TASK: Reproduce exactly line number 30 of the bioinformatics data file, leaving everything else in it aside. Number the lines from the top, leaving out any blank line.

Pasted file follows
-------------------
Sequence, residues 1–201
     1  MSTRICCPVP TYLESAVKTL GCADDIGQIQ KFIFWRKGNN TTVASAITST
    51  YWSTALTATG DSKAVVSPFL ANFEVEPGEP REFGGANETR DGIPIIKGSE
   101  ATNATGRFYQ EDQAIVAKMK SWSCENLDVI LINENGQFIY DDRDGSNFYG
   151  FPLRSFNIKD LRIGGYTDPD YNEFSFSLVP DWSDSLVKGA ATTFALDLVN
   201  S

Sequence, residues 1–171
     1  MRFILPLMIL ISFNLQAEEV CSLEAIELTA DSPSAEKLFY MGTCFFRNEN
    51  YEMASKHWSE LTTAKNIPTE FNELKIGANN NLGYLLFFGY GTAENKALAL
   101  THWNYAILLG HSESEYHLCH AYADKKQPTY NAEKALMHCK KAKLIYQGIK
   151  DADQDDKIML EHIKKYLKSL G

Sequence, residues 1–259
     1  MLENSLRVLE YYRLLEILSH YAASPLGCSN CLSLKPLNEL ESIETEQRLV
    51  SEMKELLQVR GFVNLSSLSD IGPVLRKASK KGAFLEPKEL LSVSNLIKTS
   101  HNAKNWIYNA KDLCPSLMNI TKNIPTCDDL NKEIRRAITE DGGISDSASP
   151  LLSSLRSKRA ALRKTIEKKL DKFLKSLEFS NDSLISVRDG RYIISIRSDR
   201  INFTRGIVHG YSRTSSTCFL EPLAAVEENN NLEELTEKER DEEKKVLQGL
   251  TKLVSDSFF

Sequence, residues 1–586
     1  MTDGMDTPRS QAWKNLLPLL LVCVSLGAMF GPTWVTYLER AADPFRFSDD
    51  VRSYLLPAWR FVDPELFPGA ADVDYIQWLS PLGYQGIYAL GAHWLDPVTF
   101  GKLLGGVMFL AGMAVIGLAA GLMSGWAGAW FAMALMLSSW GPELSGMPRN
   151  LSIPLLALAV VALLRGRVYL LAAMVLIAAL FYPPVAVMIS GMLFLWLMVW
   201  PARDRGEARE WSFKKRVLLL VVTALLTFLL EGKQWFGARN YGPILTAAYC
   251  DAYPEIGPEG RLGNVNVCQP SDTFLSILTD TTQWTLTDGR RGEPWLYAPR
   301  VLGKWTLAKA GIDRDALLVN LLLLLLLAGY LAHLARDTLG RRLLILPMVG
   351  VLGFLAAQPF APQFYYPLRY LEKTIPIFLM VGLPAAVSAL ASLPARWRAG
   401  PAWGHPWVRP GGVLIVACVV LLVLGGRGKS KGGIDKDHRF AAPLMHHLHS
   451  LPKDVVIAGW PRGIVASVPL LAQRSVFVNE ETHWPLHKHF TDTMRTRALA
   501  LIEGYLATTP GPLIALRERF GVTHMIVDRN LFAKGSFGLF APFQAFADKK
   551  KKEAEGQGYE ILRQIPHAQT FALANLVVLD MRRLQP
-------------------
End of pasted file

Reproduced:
   501  LIEGYLATTP GPLIALRERF GVTHMIVDRN LFAKGSFGLF APFQAFADKK